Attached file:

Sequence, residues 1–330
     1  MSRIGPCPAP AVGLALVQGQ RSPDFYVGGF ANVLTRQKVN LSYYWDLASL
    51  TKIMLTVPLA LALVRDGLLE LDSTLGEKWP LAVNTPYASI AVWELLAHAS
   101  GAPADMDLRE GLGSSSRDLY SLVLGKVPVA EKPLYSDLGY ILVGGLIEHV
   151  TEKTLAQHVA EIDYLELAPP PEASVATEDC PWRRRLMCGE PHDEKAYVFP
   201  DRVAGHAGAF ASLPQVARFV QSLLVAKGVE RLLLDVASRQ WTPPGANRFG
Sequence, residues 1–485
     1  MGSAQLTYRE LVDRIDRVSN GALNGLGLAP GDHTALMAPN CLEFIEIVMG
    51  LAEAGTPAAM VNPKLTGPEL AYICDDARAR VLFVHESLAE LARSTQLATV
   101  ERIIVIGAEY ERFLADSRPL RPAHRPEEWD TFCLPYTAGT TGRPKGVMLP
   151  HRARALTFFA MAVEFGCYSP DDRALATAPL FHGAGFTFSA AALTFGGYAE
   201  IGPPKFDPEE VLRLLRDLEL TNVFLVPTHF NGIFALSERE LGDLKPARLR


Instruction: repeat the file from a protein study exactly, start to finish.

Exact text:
Sequence, residues 1–330
     1  MSRIGPCPAP AVGLALVQGQ RSPDFYVGGF ANVLTRQKVN LSYYWDLASL
    51  TKIMLTVPLA LALVRDGLLE LDSTLGEKWP LAVNTPYASI AVWELLAHAS
   101  GAPADMDLRE GLGSSSRDLY SLVLGKVPVA EKPLYSDLGY ILVGGLIEHV
   151  TEKTLAQHVA EIDYLELAPP PEASVATEDC PWRRRLMCGE PHDEKAYVFP
   201  DRVAGHAGAF ASLPQVARFV QSLLVAKGVE RLLLDVASRQ WTPPGANRFG
Sequence, residues 1–485
     1  MGSAQLTYRE LVDRIDRVSN GALNGLGLAP GDHTALMAPN CLEFIEIVMG
    51  LAEAGTPAAM VNPKLTGPEL AYICDDARAR VLFVHESLAE LARSTQLATV
   101  ERIIVIGAEY ERFLADSRPL RPAHRPEEWD TFCLPYTAGT TGRPKGVMLP
   151  HRARALTFFA MAVEFGCYSP DDRALATAPL FHGAGFTFSA AALTFGGYAE
   201  IGPPKFDPEE VLRLLRDLEL TNVFLVPTHF NGIFALSERE LGDLKPARLR